"Our Boondoggling Democracy," Commentary, August 1958. (A review of The Affluent Society by John Kenneth Galbraith.)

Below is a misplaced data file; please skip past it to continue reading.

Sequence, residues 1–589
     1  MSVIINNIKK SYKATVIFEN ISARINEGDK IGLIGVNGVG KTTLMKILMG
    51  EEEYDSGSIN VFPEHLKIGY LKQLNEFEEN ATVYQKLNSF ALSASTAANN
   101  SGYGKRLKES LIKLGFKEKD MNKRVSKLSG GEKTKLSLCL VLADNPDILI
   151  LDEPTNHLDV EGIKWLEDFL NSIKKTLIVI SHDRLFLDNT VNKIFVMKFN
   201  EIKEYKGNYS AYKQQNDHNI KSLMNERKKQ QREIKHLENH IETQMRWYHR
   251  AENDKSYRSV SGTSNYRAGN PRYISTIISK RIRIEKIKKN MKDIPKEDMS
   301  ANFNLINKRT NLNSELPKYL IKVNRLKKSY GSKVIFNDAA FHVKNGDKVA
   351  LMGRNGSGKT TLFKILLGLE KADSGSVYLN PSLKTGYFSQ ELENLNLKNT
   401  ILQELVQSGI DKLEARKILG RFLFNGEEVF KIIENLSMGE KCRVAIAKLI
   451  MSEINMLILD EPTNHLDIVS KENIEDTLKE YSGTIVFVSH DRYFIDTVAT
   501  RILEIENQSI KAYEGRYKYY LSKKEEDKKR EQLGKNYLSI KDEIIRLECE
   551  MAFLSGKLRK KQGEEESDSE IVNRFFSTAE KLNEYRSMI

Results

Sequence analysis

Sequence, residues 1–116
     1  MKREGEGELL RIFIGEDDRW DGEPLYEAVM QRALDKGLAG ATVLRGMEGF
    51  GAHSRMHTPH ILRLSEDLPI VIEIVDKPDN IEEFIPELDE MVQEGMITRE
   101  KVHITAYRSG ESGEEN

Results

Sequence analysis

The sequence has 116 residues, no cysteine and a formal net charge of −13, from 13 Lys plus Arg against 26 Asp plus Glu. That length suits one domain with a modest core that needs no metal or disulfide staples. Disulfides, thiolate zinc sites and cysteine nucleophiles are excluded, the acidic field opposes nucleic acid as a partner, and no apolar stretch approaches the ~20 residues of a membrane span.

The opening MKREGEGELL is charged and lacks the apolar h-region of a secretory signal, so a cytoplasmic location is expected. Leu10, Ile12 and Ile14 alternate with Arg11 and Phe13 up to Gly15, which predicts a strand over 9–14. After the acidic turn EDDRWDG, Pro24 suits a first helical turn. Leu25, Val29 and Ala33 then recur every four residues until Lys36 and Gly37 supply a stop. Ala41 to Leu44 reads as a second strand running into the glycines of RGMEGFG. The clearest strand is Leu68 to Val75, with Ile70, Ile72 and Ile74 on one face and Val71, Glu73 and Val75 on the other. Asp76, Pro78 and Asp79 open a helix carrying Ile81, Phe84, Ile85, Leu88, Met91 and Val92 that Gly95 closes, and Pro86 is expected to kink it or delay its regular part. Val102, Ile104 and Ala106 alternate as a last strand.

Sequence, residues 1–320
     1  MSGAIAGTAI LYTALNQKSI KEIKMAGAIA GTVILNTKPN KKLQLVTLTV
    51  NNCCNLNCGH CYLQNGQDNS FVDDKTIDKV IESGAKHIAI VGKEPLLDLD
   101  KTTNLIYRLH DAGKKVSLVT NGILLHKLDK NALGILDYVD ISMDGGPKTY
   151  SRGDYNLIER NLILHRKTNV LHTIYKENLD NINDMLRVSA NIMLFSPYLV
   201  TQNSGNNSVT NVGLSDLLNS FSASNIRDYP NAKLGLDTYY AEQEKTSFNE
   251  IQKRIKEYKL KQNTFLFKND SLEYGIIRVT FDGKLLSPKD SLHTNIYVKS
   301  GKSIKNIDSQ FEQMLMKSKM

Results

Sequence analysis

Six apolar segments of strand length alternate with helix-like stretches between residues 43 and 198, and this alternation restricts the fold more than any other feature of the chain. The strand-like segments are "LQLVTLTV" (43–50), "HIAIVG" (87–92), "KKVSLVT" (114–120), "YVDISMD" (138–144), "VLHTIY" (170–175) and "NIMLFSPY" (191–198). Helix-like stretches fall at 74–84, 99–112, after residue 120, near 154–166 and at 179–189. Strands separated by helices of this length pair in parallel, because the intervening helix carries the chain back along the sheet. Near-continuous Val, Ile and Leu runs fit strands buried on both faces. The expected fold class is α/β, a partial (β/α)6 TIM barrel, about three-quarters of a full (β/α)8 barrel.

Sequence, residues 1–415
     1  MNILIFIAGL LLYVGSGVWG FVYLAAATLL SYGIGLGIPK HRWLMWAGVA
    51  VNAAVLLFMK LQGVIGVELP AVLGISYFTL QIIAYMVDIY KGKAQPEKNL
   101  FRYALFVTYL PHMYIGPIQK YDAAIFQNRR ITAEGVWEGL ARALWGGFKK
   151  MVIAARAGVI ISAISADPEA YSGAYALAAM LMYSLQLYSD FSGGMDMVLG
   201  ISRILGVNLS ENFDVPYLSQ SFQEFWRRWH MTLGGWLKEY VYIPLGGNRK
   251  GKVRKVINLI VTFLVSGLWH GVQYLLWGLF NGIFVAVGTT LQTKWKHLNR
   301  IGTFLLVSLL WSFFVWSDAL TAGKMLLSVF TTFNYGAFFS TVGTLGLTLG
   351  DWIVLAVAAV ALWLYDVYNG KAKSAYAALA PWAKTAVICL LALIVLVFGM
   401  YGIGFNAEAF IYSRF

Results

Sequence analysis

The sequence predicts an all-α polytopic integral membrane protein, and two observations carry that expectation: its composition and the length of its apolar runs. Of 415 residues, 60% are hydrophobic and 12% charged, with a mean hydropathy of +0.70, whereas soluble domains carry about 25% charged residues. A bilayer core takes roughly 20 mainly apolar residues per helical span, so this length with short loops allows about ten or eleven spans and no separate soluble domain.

The Affluent Society is by far the most serious critique of “welfare capitalism” that has been written in the post-Marxian era. (It is perhaps worth remarking that, though Mr. Galbraith will be denounced in some quarters as a “socialist,” he clearly hasn’t the faintest interest in that doctrine.) Its implications are at least as much in the realm of moral philosophy as political economy; and they are so numerous and extensive as to be almost frightening to contemplate. Mr. Galbraith himself does not pursue them very far. He does suggest, as immediate measures, a self-adjusting unemployment insurance program which will pay nearly full wages in times of crisis and more modest sums in times of high prosperity. He also urges a more common reliance on the sales tax as a fund-raising measure for public services. The first recommendation will alarm business executives who still hold the venerable opinion (never applied to themselves) that men won’t work unless the “iron laws” of economics constrain them to. The second will outrage merchants and those liberals who are so hypnotized by egalitarianism (and its political possibilities) that they are willing to neglect large problems in order to make “fighting issues” out of smaller ones. Another of his recommendations, for a national prices and wage policy (i.e., controls) in specific industries, will displease just about everyone. That is as it should be, Mr. Galbraith has moved intellectually into the second half of the 20th century, whereas the “conventional wisdom” lags behind, mouthing its outworn slogans, fighting its outworn battles, haunted by outworn anxieties, while it moves frantically around the vicious circle we are fixed in.